McEnany ditches White House job for 43 days so she can campaign for Trump


She's still being paid by taxpayers ... to not do her job.

White House press secretary Kayleigh McEnany has been shirking her taxpayer-funded job to be a spokesperson for Donald Trump's failed reelection bid — a move that blurs ethical lines.

McEnany is currently earning a taxpayer-funded salary of $183,000, according to White House records. Yet she is acting as a spokesperson for Trump's campaign — something former White House press secretary Joe Lockhart told the Associated Press is "both outrageous and damaging."

The last on camera press briefing McEnany held from the White House briefing room was on Oct. 1 — the same day it became clear a coronavirus outbreak had hit Trump's inner circle when news broke that aide Hope Hicks had tested positive for the virus.

Trump announced he had contracted the virus a day later, while McEnany said she tested positive for the virus on Oct. 5.

The same day McEnany announced she tested positive for the virus, she answered two questions from the media without her mask — possibly exposing reporters to the virus.

Since then, McEnany has held just one gaggle with reporters in her official role as White House press secretary, according to a review of transcripts posted to the White House website.

At that gaggle, which took place aboard Air Force One on Oct. 30, she answered questions about Trump's meeting with rapper Lil Wayne.

"The President met with Lil Wayne this morning, in Miami, in a really good, productive meeting," McEnany said. "Lil Wayne's team had been talking to the White House, and Lil Wayne directly to the White House, for a little bit."

In that same gaggle, a reporter asked McEnany a campaign question, which she refused to answer because she said she was not part of the campaign — a comment reporters called her out on.

Per a transcript of the gaggle:

REPORTER: Kayleigh, the president has previously said that he might be willing to put money into his own campaign. Do you know if that's been discussed or whether he's still considering putting money into his own campaign?


MCENANY: I'd have to refer you to the campaign on that.  But, you know —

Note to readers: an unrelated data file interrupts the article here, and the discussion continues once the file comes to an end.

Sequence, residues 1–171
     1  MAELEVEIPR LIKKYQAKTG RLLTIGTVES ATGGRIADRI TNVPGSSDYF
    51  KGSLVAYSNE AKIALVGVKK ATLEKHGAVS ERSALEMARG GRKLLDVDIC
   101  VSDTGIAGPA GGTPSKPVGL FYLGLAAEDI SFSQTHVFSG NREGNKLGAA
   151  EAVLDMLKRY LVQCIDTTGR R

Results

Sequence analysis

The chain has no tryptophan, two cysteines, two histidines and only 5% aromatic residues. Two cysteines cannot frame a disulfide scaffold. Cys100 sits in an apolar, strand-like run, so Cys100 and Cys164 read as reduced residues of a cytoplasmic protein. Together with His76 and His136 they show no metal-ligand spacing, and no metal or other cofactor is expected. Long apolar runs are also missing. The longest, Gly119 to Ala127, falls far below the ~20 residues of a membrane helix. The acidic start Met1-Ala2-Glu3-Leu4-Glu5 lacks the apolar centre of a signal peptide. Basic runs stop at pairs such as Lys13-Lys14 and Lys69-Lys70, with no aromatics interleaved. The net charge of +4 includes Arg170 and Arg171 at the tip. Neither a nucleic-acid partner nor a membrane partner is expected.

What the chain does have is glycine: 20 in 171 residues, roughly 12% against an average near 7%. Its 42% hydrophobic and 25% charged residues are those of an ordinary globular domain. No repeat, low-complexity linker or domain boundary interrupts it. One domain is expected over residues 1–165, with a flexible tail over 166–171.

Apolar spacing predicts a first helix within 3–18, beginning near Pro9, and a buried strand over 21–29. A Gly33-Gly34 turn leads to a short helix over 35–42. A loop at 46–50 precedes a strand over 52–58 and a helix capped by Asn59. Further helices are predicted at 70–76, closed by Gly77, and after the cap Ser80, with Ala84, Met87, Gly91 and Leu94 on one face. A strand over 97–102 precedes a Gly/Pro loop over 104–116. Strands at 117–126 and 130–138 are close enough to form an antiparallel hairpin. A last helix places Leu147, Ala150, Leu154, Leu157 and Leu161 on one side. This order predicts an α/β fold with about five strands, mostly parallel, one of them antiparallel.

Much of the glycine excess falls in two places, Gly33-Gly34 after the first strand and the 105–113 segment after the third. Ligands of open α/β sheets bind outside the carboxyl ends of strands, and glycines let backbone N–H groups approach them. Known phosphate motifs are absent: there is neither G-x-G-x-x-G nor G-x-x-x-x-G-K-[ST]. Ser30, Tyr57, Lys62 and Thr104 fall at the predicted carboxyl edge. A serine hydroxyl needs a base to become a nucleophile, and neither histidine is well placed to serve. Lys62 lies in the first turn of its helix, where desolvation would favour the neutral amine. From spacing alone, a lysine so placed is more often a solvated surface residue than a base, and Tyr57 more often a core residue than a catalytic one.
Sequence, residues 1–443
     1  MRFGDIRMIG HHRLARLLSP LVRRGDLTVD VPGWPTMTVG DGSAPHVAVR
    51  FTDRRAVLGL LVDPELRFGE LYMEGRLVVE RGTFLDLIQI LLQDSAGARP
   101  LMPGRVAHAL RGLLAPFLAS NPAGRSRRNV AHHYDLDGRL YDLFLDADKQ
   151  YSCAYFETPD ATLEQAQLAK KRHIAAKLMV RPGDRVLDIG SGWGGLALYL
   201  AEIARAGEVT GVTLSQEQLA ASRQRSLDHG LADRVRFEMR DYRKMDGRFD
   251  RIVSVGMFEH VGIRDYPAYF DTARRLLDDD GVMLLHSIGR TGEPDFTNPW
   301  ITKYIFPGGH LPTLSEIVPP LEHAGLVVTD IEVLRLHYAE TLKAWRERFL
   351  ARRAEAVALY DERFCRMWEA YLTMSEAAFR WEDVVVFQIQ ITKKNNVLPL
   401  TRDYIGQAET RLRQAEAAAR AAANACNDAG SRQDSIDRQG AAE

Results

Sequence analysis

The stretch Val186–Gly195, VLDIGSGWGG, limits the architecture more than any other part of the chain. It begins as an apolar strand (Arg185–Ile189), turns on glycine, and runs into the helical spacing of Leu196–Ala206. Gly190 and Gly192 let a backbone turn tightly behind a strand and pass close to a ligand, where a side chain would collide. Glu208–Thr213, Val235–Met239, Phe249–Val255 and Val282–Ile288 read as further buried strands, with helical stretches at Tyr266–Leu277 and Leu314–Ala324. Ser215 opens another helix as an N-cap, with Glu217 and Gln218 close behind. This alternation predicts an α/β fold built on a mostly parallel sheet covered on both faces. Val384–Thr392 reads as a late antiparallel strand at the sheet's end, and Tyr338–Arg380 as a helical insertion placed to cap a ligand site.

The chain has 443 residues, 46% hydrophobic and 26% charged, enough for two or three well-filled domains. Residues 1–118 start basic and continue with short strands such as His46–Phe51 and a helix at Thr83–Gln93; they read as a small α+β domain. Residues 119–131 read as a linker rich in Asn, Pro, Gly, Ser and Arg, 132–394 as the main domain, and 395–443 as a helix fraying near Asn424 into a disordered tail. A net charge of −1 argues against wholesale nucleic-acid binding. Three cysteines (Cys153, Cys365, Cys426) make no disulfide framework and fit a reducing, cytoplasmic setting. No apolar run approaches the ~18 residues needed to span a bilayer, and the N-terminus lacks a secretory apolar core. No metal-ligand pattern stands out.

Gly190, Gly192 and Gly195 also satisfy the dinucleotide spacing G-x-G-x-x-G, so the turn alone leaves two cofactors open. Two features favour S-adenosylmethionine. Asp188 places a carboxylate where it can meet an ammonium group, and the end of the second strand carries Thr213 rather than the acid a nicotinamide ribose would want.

REPORTER: But you’ve been speaking on behalf of campaign.  Can we ask in your —


MCENANY: Yeah, he's —


REPORTER: personal capacity if that's the case?  Or —


MCENANY: No, you know, I've just been repeating the statements that the campaign put out. But I can't provide any new information. That'd be the campaign.

But on Wednesday, McEnany refused to answer a question from "Fox & Friends" about Trump, citing her role with the campaign.

"I haven't spoken to the president about that. That would be a question more for the White House," McEnany said when asked about whether Trump will stop blocking President-elect Joe Biden from receiving intelligence briefings. "But I will say that all laws are being followed with regard to an expected transition, though we expect to continue on as the Trump administration. We will see how our litigation goes."

Ultimately, McEnany has been pushing Trump's corrosive and baseless lie that the 2020 election was rife with fraud — a lie Trump is using to try to overturn his loss to Biden.

It's the complete opposite message she pushed in 2016 when she condemned those who did not accept Trump as president-elect.

"You have people trying to delegitimize the President-elect of the United States right now," McEnany said in 2016, in response to the recount effort Green Party nominee Jill Stein led. "You have people out there that are calling for recounts that are unsubstantiated based on no evidence."
Published with permission of The American Independent Foundation.